My state of Virginia will likely begin the “reopening” process this month. So far, our Democratic governor has been calm and somewhat effective, and he believes in a phased reopening. Who knows what that will look like – it feels like the situation is completely different every time I leave my house. But the general movement seems to be for a phased economic reopen over the next month across the country, with individual governors and mayors making the call for what’s best for their community. I think even if we had a smart president, that’s what would have happened. But don’t tell Donald Trump that – he’s given about fifty different explanations for when and how America will “reopen,” and he truly doesn’t realize that it’s not his call.
Confronted with America’s worst public health crisis in generations, President Trump declared himself a wartime president. Now he has begun doing what past commanders have done when a war goes badly: Declare victory and go home. The war, however, does not seem over. Outside New York, the coronavirus pandemic in the United States is still growing, not receding. The latest death toll estimates have more than doubled from what Mr. Trump predicted just weeks ago. And polls show the public is not ready to restore normal life.
But Mr. Trump’s cure-can’t-be-worse-than-the-disease logic is clear: As bad as the virus may be, the cost of the virtual national lockdown has grown too high. With more than 30 million people out of work and businesses collapsing by the day, keeping the country at home seems unsustainable. With the virus still spreading and no vaccine available until next year at the earliest, though, the president has decided that for life to resume for many, some may have to die.
“Hopefully that won’t be the case,” Mr. Trump said on Wednesday when asked if deaths would rise as a result of reopening, but added, “It could very well be the case. But we have to get our country open again. People want to go back, and you’re going to have a problem if you don’t do it.”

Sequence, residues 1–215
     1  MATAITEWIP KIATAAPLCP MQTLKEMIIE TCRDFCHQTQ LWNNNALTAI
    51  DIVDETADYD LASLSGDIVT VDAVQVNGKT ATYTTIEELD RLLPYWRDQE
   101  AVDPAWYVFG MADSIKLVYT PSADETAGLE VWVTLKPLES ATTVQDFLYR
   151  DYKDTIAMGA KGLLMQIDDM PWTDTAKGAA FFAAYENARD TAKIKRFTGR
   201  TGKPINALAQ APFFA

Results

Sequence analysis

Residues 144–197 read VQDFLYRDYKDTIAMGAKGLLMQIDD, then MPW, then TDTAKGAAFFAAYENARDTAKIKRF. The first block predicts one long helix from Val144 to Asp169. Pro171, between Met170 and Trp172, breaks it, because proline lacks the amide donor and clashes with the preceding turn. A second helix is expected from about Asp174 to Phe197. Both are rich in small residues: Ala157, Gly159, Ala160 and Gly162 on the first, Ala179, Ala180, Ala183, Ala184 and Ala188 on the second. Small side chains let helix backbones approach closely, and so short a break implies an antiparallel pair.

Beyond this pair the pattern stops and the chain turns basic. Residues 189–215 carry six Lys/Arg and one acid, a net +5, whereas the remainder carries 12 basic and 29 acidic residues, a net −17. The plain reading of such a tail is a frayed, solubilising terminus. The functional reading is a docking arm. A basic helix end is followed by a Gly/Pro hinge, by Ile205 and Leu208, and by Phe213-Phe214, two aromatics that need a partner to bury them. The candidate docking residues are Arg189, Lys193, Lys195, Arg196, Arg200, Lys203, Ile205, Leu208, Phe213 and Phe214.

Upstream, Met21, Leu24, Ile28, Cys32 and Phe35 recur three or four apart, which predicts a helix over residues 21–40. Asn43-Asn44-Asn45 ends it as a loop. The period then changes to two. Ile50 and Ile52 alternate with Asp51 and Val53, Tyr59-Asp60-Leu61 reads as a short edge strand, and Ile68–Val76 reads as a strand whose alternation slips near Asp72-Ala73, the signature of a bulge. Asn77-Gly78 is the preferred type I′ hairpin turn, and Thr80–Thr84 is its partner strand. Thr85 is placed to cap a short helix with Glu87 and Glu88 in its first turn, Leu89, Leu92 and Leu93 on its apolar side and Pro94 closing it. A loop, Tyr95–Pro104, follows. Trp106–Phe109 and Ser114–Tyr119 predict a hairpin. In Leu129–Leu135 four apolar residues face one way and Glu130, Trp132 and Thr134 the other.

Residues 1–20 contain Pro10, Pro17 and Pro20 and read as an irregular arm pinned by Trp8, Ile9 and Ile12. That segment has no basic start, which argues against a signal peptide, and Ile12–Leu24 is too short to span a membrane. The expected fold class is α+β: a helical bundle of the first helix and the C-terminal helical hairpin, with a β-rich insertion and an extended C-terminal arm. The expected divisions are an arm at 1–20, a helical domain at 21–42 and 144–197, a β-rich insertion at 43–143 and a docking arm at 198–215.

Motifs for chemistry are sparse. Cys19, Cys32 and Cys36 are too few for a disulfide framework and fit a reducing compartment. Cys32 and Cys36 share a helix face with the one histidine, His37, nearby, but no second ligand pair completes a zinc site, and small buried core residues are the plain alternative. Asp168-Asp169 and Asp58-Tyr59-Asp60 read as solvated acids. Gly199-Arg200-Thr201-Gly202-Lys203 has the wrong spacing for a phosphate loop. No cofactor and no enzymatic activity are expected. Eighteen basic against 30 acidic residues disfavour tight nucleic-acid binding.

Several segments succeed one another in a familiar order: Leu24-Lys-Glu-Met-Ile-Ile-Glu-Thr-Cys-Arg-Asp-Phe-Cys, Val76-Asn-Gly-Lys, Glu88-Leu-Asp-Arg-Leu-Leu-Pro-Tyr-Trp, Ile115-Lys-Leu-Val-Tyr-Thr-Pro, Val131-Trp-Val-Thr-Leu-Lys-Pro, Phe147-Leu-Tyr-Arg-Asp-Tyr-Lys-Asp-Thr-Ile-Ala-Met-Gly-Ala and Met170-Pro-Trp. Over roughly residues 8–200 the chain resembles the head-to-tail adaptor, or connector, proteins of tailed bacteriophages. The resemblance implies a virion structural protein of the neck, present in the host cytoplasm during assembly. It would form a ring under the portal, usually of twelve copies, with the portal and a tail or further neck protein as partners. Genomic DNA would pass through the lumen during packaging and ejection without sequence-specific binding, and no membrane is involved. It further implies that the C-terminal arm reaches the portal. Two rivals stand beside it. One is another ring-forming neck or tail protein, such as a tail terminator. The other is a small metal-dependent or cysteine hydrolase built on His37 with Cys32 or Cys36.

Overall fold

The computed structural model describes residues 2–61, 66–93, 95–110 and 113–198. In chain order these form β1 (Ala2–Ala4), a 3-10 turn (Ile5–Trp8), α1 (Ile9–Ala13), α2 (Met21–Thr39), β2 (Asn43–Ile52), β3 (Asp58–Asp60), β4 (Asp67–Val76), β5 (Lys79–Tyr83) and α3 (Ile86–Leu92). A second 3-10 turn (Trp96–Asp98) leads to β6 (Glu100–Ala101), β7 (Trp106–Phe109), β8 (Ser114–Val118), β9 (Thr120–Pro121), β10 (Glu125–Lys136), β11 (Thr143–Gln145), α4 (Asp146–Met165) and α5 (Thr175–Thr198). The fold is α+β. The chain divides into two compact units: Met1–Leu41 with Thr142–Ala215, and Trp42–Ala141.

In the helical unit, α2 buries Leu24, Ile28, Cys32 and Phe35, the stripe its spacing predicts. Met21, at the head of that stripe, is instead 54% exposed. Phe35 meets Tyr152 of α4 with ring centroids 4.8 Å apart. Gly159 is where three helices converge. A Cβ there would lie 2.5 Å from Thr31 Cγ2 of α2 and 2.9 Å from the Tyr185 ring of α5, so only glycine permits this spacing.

For a president who had staked his legacy on an economic record that was shredded by the crisis, moving on may seem like the best way to salvage his chances for re-election this fall. He tried to signal that this week by saying that his coronavirus task force would soon begin winding down. By his own admission, Mr. Trump was surprised to discover that many others thought it was too soon to do that. By Wednesday he reversed course, vowing to keep the task force going “indefinitely” and promising that health experts like Dr. Anthony S. Fauci and Dr. Deborah L. Birx would remain part of the group even as he added other members.
Even then, the president tried to pivot by redefining the task force’s mission to figuring out how to reopen the country safely and soon. “I thought we could wind it down sooner,” Mr. Trump told reporters as he hosted nurses in the Oval Office to sign a proclamation honoring National Nurses Day. “But I had no idea how popular the task force is until actually yesterday. When I started talking about winding it down, I got calls from very respected people saying, ‘I think it would be better to keep it going.’”
“People want to go back, and you’re going to have a problem if you don’t do it.” That feels like a threat. It feels like Trump will continue to signal to all of his Nazi buddies that they should continue to arm themselves and storm state capitals.
Meanwhile, the Trump administration buried a CDC guideline/document which would have provided state governments with their phased reopen. Oh, and Trump-supporting Republicans have a new talking point/conspiracy: the medical community is overinflating the infection rate and death rate for the virus to “make Trump look bad.” Which makes zero sense – if anything, the medical community has been forced to underreport infections and deaths because of lack of testing and lack of medical support.
Photos courtesy of Avalon Red.